Ukraine’s Cabinet is expected to hold a session on Wednesday. It is not clear whether the country's Foreign Minister, Boris Tarasyuk, will be admitted to the meeting.
Pro-presidential Boris Tarasyuk was forced to resign by the Rada on December 1, but Ukraine's President Viktor Yushchenko said the Foreign Minister would remain in his post.
Viktor Yushchenko countermanded the parliamentary vote asking the Foreign Minister to stay on.
During a private meeting with President Yushchenko the Prime Minister asked the latter not to dramatise the situation and respect the parliamentary vote.
Boris Tarasyuk says his firing was unconstitutional. The case is now being examined by a local court. However, the Parliament insists that it is not the local court that should deal with the case. Members of Parliament add they were not even invited to the hearing and learnt about it from the newspapers.
The court is likely to continue proceedings next week.
The dispute is focused on whether the President has the right to fire the Foreign Minister or is this the prerogative of the government and parliament. While the constitution of Ukraine stipulates that the President is responsible for appointing the Minister of Foreign Affairs it does not say clearly who has the power to fire him. Apparently, in this situation the Constitutional court could help.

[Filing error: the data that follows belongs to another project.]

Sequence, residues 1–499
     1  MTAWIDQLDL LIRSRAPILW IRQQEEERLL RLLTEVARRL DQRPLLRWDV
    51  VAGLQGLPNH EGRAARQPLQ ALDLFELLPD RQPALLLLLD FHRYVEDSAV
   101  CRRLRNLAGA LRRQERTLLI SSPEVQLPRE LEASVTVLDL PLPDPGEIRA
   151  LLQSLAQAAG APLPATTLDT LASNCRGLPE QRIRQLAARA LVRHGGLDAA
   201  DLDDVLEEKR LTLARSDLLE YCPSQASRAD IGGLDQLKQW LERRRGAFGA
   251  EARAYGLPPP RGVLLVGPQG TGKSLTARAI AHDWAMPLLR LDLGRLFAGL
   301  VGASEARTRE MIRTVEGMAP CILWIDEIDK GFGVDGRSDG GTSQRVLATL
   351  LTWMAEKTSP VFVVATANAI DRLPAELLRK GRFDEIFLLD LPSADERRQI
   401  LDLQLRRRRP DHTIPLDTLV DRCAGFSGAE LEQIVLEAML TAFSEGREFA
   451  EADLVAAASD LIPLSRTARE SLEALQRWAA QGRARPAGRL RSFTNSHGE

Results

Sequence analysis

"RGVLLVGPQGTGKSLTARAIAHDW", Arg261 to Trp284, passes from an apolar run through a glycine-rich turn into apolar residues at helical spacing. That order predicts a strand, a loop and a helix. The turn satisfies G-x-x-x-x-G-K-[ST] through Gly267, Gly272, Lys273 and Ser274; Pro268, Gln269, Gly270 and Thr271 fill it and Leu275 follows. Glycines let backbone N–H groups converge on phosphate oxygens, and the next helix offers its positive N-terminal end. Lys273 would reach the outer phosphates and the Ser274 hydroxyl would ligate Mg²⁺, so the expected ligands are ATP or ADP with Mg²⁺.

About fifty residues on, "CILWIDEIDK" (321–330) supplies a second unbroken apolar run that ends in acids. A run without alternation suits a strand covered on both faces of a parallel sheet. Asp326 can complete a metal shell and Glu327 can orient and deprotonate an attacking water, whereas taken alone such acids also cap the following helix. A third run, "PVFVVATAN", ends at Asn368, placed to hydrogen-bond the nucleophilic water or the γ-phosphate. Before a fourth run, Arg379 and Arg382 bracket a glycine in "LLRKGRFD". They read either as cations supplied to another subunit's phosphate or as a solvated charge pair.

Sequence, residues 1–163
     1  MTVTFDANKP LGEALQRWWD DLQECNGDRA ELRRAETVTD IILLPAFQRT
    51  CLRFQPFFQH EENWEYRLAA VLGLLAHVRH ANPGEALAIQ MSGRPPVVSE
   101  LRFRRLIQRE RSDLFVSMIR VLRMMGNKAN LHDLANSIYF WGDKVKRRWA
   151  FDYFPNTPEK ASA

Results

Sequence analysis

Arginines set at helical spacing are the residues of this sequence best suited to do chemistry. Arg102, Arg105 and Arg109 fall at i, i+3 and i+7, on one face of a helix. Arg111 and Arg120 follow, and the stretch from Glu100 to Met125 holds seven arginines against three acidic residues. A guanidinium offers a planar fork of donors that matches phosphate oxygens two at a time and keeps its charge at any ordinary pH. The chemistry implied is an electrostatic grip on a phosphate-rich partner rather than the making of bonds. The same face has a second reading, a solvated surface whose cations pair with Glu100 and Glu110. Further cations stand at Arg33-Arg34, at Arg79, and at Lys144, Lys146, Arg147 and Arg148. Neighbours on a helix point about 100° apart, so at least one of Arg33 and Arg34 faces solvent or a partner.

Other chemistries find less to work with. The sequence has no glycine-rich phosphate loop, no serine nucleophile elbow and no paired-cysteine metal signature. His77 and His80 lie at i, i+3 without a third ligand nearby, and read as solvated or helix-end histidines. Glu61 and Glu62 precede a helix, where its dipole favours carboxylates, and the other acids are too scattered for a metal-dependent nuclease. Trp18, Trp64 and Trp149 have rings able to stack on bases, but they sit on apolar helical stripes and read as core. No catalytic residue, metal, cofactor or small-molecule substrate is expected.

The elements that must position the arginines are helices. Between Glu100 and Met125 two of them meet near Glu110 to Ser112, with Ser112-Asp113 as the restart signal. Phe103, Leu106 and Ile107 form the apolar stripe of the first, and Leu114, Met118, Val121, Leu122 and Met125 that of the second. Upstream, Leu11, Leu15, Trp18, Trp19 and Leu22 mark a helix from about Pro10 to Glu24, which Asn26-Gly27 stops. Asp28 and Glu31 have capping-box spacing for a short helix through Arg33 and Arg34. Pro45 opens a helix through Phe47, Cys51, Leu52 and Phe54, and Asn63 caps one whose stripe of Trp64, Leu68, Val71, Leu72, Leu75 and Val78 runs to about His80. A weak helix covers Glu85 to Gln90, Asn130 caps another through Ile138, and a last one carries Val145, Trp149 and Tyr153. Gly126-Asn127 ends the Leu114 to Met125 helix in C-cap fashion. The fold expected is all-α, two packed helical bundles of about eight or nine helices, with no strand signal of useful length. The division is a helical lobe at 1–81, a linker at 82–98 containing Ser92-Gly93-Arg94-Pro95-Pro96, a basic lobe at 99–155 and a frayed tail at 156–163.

As for the opposition reaction, they said right from the start that this was part of a war against the block of Yulia Timoshenko and the Our Ukraine party.
The opposition party is now calling for the abolition of the constitutional reform adopted at the beginning of 2006. The reform turned Ukraine into a parliamentary republic, cutting most of the President’s powers. It is only the Defence and Foreign Affairs Ministries that remained under the President’s control. The rest of his powers were transferred to the Cabinet and the Prime Minister. As a result, Prime Minister Viktor Yanukovich has now more powers than the President.